5. emergence of The Borderless enTerprise
Many business-side leaders don’t fully appreciate all of the holes and points of weakness that exist in their network today. They figure that after green lighting the CIO to spend buckets of money on firewalls and other network defenses, the organization should be pretty well fortified against assault. The problem is that since that money has been spent, the enterprise has changed and the CIO has been forced to change the technology that supports the business. In this age of super-connectivity, they’ve been asked to provide more ways to give employees and partners access to information.
In this age of super-connectivity, CIOs have been asked to provide more ways to give employees and partners access to information.
In the process, insecure systems that were never meant to be connected to the Internet are now online. Information portals are poking holes in the network infrastructure all over the place, data is leaving the network on portable storage devices, and mobile devices are enabling people to move outside the network with sensitive data while coming back onto the network with infected systems.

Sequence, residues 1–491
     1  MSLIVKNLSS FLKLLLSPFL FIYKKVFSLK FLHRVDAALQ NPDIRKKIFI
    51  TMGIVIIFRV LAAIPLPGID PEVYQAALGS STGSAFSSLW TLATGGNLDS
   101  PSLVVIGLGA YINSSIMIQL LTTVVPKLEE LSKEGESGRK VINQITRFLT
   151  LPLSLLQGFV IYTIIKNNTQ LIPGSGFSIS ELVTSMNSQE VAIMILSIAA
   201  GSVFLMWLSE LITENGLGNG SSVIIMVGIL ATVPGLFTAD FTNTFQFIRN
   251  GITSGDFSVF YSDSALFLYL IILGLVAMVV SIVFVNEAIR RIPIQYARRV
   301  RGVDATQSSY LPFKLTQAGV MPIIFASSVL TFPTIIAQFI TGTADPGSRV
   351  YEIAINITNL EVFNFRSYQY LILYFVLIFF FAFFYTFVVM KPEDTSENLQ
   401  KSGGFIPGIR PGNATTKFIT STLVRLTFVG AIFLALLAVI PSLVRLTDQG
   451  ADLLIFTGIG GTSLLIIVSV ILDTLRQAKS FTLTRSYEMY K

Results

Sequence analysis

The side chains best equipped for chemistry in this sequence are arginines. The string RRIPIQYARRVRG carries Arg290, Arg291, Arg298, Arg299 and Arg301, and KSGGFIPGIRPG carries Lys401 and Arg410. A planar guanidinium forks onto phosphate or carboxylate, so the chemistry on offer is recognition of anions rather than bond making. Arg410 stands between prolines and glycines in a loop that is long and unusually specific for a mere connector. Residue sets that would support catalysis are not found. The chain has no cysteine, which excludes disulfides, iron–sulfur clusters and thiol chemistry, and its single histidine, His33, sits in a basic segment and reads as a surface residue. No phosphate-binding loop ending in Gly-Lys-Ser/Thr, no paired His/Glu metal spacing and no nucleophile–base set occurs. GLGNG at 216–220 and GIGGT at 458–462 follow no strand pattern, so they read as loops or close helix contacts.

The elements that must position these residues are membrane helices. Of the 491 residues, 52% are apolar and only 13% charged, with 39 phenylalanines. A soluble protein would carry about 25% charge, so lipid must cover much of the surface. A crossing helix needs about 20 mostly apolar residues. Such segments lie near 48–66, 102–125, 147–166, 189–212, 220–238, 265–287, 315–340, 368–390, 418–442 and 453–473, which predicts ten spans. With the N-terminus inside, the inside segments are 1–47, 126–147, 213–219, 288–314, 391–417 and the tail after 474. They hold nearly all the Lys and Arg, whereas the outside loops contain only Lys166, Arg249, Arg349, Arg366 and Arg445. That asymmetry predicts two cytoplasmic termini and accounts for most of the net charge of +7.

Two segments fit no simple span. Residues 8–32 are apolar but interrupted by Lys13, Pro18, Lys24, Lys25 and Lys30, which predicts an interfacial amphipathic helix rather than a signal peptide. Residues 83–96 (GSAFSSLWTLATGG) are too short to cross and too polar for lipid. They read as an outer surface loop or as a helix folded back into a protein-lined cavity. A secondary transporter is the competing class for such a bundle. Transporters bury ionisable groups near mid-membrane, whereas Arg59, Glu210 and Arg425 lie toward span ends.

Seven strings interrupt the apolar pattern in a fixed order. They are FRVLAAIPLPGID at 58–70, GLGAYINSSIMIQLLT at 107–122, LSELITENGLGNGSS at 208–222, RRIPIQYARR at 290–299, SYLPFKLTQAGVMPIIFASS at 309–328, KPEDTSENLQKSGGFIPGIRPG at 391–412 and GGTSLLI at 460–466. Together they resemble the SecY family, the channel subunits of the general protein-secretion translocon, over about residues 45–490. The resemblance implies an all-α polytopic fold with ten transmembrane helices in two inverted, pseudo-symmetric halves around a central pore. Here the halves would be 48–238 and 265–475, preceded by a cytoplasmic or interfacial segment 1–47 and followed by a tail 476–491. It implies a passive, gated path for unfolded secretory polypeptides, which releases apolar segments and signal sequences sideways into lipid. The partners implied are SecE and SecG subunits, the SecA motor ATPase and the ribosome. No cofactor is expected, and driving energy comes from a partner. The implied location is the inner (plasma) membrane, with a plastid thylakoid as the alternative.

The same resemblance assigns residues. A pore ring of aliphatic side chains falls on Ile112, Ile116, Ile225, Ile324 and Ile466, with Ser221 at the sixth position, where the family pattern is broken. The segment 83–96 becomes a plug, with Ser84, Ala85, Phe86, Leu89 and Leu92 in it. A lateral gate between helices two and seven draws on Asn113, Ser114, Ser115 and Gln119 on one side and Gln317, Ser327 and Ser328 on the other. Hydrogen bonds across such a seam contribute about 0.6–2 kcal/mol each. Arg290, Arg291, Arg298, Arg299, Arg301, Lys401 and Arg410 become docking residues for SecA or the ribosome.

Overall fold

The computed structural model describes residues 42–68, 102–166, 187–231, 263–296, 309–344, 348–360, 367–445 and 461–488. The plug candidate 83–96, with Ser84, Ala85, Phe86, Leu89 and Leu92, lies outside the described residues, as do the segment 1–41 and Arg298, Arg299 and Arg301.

Plus, as I just mentioned, you have got lots of potential “bad apple” employees who are automatically allowed access inside network boundaries. It has gotten to the point where there isn’t an impenetrable border around the enterprise anymore.
Nearly 75 percent had off-line devices lost or stolen in the last two years and of those 42 percent involved the loss of sensitive information.
Unfortunately, most businesses have been unable to adjust their security programs to account for this borderless enterprise. In a study of 735 CIOs conducted by the Ponemon Institute in 2007, more than 60 percent of them said their organizations still place more importance on network security issues than any other. Approximately 62 percent said their off-network controls are not “rigorously managed.” And yet, 62 percent said that they have a lot of unprotected confidential information on off- network systems. This assumption of risk has lead to a much higher rate of incidents involving those off-line devices—nearly 75 percent of the managers surveyed had one of these devices lost or stolen in the last two years, and of those, 42 percent involved the loss of sensitive information.
mObIlE dEvICES — THE NEw mObIlE THrEAT
Lumension Security’s Vice President of Security Technologies, Chris Andrew, sits down to discuss how security has moved beyond the endpoint with the convergence of business and personal tools.